tumbles into the sea
5:45 you see the other booster in the distance.
"Outboard SRB views from the STS 134 Space Shuttle launch [May 2011] with ғᴜʟʟ ʟᴇɴɢʜᴛ sound ( + launch radio) from the trip up and the spectacular 71km. fall back down to Earth. The boosters will propel the Shuttle to 3512 mph (5652 km/h). At 124 sec. after lift off, the SRBs have expended their fuel. They separate from the orbiter at an altitude of approx 30,4 mi.(49 km) After separation, momentum will propel the SRBs for another 70 sec. to an altitude of 44,1 mi (71,6 km) before they begin their long tumble back to Earth.
At an altitude of 2,5 mi.(4.6 km) the nose cap is jettisoned and deploys a pilot parachute. These immediately deploys the drogue parachute which is attached to the top of the cone- shaped structure at the end of the booster. At an altitude of 1,2 mi (2.1 km) the cone separates and this releases three main parachutes. These chutes will quickly slow the booster's speed from 230 mph (370 km/h) to 51 mph.(82 km/h) A motor nozzle extension is severed by a pyrotechnic charge approx 20 sec. later to prevent damage to the nozzle at impact.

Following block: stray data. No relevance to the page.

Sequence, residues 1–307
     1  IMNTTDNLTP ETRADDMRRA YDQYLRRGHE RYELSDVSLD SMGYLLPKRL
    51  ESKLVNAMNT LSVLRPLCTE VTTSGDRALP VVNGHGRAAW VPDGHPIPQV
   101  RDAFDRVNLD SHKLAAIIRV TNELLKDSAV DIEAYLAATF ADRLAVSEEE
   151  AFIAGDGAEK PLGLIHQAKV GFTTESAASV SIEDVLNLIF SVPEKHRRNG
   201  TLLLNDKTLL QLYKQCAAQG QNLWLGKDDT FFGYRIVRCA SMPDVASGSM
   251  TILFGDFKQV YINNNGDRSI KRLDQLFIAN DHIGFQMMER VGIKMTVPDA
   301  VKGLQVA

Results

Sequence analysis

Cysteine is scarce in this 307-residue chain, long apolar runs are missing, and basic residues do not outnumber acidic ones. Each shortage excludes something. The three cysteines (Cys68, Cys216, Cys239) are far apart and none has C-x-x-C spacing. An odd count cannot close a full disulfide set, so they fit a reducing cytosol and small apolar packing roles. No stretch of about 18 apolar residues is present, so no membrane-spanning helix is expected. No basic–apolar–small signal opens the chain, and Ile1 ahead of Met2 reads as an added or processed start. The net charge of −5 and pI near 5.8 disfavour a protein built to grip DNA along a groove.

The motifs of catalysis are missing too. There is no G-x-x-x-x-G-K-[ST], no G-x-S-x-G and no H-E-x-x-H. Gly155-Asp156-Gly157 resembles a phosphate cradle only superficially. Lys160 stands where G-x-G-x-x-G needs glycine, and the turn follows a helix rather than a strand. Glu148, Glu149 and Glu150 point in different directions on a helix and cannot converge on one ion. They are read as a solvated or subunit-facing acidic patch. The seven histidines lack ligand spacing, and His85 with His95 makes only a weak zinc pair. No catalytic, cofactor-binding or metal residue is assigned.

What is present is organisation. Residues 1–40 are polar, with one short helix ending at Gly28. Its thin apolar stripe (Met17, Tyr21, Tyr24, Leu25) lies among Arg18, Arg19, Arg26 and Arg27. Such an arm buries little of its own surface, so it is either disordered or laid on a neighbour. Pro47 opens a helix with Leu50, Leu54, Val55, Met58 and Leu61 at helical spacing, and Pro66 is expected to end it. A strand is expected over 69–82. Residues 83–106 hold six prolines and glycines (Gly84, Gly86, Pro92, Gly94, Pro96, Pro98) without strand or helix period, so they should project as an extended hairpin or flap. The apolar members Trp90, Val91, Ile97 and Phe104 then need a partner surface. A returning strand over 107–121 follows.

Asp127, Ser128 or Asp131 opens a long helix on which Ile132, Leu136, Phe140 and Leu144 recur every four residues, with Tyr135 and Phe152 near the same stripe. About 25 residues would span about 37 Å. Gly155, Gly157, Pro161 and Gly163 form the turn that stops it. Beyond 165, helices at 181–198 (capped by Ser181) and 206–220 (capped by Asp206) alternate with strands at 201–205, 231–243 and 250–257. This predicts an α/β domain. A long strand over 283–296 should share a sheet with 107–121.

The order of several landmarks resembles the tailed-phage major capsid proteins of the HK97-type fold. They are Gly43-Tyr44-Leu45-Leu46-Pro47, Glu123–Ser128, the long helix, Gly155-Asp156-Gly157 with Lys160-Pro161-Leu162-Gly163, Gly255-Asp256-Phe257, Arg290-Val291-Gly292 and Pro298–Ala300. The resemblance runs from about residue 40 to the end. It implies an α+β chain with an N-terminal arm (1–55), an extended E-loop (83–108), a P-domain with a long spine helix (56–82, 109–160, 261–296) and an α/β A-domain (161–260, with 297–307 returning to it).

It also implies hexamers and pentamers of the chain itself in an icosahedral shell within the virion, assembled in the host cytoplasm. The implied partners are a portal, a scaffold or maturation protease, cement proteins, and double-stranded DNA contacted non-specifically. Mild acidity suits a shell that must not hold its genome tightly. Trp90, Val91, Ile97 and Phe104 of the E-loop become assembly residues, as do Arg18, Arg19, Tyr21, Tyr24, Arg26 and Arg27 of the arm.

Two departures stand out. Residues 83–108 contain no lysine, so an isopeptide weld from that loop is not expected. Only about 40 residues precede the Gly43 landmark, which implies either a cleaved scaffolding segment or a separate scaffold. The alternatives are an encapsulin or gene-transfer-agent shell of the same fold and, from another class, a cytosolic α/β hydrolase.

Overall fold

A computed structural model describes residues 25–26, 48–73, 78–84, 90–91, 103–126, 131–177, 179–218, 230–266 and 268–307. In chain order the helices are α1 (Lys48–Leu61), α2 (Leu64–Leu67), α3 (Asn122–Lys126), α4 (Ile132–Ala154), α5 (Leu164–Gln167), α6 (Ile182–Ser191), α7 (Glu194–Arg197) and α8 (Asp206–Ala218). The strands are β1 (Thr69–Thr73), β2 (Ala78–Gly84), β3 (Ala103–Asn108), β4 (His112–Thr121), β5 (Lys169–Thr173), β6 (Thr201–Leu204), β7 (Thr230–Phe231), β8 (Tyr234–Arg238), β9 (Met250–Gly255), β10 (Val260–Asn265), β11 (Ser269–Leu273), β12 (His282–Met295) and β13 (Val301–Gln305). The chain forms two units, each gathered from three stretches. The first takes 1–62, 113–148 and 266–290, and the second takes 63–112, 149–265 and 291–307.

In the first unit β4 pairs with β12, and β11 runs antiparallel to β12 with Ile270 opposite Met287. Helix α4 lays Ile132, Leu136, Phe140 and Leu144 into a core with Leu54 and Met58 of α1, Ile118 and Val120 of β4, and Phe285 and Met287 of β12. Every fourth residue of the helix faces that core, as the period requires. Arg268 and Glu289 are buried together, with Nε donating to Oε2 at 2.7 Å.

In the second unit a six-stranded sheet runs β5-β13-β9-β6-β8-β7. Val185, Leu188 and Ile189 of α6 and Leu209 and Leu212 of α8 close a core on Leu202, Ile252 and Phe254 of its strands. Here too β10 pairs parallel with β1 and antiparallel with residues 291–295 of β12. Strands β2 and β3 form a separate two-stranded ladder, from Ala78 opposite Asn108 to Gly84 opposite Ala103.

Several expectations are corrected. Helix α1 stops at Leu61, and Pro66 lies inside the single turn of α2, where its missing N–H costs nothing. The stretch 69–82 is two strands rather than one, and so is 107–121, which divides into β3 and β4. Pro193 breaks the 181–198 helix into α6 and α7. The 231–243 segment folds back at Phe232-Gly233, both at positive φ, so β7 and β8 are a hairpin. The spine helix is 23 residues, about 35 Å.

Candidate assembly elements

At approx. seven minutes after liftoff, the boosters impact the Atlantic Ocean. The splashdown area is a box of about 7 by 10.5 mi (11 by 16.7 km) located about 140 mi (258 km) downrange from the launch pad where 2 retrieval ships collect them."
|The Unmanned Writer|
I was impressed by the sound at launch, followed by the diminishing volume, then clicks of the tank's ticks/bangs from either expansion or contraction after it had separated, then the wind noise again as it entered the atmosphere.
Sentiment without action is the ruin of the soul.
Help, I'm having premonitions of future flashbacks.
Only in an insane world are the sane considered insane.
Some people listen to the noise of the world,
And some people listen to the quiet.
tumbles into the sea
after the first segment, and the different camera perspectives to the same sound, you recognize when the chute pops (by the sound alone) and hear the groan of the cords straining - just before splashdown.
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